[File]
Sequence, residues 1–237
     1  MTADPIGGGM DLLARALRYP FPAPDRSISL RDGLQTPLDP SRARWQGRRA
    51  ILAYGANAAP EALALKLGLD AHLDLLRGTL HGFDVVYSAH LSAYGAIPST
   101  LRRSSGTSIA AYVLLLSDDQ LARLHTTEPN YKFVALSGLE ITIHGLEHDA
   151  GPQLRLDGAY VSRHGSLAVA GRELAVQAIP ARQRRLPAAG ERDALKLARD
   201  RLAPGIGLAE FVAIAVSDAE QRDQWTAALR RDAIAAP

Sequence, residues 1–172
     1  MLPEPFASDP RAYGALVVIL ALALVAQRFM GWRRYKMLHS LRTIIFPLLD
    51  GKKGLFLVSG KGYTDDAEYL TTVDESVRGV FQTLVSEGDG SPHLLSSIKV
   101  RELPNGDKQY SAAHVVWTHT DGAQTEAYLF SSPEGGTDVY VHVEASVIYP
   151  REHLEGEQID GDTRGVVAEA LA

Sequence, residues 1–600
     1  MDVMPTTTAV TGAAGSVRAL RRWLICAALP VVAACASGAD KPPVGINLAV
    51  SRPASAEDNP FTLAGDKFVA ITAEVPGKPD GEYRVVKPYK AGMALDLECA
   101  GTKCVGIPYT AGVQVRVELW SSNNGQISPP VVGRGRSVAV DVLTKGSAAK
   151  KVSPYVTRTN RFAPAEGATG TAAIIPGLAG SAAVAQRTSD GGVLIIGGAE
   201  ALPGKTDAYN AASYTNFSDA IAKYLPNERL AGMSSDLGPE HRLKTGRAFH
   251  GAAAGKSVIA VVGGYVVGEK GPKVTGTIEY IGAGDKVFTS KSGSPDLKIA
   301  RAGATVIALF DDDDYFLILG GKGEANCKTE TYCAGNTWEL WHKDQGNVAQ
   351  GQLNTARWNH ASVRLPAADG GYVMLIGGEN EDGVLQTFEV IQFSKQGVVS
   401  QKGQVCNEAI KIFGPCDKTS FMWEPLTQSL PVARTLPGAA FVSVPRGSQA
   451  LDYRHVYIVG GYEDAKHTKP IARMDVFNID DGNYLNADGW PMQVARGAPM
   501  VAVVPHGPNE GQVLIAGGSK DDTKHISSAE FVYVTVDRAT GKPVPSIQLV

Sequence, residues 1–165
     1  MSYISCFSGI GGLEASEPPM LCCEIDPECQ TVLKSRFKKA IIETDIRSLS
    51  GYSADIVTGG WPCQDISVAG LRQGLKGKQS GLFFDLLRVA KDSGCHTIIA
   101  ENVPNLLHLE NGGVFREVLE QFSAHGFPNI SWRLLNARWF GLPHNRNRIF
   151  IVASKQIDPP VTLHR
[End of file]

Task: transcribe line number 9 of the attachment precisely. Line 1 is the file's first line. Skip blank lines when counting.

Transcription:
    51  GKKGLFLVSG KGYTDDAEYL TTVDESVRGV FQTLVSEGDG SPHLLSSIKV